once there was
A suite of eight pieces for piano, percussion and soundtrack (with optional video) [24′]
once there was is a suite of pieces for piano, percussion and audiovisual media, based on traditional nursery rhymes. Many of these rhymes have dark and historically significant themes, yet they are used to foster emotion and cultivate language in toddlers. In some cases, rhymes were censored or changed to mask the political messages that lie within. The relevance of these meanings have to a large extent now been lost, either because the significance of political events have faded, or that social conflicts have been reconciled.
In the collection once there was, the nursery rhymes are reflected either in text, which is projected or encoded in the music, or the tunes which are embedded within the fabric of the music.
The eight pieces in this collection can be played with or without video, though always with the given soundtrack. There are all based on nursery rhymes from various collections, predominantly from the most well known Mother Goose collection (18th century).
- On A Wall, In A Beck
- Here Comes A Candle
- A Garden Full Of Snow
- Until The Sun
- XYZ And Ampersand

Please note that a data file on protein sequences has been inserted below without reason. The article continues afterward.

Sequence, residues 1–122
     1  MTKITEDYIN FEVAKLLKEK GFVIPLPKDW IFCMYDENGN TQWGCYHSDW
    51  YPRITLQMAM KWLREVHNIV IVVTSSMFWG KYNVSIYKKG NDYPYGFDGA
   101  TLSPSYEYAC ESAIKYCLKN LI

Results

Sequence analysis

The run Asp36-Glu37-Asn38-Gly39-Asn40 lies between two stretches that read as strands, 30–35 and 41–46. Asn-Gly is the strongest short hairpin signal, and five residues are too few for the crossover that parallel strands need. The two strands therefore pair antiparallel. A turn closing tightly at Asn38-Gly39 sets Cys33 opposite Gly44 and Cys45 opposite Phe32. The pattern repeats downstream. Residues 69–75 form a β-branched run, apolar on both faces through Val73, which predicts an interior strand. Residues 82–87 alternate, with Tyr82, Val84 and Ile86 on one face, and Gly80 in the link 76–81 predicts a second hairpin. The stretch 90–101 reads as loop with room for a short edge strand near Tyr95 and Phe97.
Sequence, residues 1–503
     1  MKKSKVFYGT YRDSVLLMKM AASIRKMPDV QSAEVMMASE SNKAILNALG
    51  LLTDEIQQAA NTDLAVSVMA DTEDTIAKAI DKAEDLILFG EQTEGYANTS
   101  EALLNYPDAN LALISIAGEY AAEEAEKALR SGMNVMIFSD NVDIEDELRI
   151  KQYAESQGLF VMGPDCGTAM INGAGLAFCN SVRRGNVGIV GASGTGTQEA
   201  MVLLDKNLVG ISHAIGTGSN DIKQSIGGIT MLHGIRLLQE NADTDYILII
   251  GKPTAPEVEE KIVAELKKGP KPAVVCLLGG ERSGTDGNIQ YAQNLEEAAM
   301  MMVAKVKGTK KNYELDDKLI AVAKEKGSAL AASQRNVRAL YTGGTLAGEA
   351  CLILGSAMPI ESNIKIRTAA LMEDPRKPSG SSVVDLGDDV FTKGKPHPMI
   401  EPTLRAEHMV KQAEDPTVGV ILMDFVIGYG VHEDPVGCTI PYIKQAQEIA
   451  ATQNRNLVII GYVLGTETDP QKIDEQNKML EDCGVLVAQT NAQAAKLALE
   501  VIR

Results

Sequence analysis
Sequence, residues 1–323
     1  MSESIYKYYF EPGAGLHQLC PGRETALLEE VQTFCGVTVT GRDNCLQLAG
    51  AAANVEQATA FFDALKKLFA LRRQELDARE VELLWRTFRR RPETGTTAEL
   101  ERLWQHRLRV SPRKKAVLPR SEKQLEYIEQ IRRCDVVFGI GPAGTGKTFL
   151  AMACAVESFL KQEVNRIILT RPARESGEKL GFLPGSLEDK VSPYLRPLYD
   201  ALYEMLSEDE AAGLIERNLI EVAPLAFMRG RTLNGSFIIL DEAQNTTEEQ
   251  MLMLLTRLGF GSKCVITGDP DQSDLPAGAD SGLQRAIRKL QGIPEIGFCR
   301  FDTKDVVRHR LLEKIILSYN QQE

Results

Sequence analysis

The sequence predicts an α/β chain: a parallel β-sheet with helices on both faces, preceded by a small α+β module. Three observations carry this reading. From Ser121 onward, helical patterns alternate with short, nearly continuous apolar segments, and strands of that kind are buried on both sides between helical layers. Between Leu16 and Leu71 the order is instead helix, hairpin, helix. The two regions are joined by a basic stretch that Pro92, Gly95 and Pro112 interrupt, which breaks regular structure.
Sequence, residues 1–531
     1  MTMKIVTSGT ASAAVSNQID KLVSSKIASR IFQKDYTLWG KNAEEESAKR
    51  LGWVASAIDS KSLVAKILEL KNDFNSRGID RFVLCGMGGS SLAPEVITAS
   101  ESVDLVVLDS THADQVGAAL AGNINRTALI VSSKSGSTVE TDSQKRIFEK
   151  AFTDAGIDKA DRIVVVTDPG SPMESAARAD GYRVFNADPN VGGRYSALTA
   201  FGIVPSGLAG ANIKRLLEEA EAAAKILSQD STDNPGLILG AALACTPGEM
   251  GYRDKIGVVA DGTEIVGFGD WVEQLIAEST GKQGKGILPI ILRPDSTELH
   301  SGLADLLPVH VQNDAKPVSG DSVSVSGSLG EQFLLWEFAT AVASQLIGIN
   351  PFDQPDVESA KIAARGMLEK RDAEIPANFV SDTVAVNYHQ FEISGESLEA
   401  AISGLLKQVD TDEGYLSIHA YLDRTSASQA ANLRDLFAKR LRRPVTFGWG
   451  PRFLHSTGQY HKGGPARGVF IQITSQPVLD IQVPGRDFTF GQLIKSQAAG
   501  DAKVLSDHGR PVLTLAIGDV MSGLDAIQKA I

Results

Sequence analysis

- All The Birds In The Air
- Black Wool
- Leave Your Sleep
On A Wall, In A Beck, takes as its theme, the lyric of 'Humpty Dumpty', and its supposed depiction of a siege engine during the English Civil War in the mid-17th century.
Here Comes A Candle, samples the last lines of 'Oranges and Lemons', a seemingly innocent rhyme which follows a condemned man through London to his execution.
A Garden Full Of Snow references the lyric of 'A man of words and not of deeds', a burlesque song supposedly heard at the Battle of Culloden, 1746, the final confrontation of the Jacobite uprising and part of the religious civil was in Britain.
Until The Sun takes a line from the most famous nursery rhyme, 'Twinkle, twinkle little star', as a basis for a sonic exploration of the cymbal.
XYZ And Ampersand encodes into music one of the earliest ABC rhymes.
All The Birds In The Air references a rhyme which has been used as a murder archetype in many folk cultures round the world, 'Who Killed Cock Robin?'. There are both mythologicial and possible political connotations to this medieval rhyme, and in Germany, several similar rhymes depict birds as mourners.
Black Wool references 'Baa baa black sheep', a controversial rhyme, which in the late 20th century saw it banned by various school councils for possible racist overtones, has now been proved to refer to medieval export taxes on wool, rather than what was thought to be the slave trade.
Finally, Leave Your Sleep, based on 'Girls and boys come out to play', is a call to children to gather together and have fun, the uplifting message hides the brutal reality that in the 19th century many children worked over 16 hours a day under terrible conditions in factories, mills, and mines, and 'playtime', if there ever was any, would be in the evening, after the the day's hard labour.
Commissioned by Duo Simons|Napolov with funding from the Netherlands Fonds Podiumkunsten.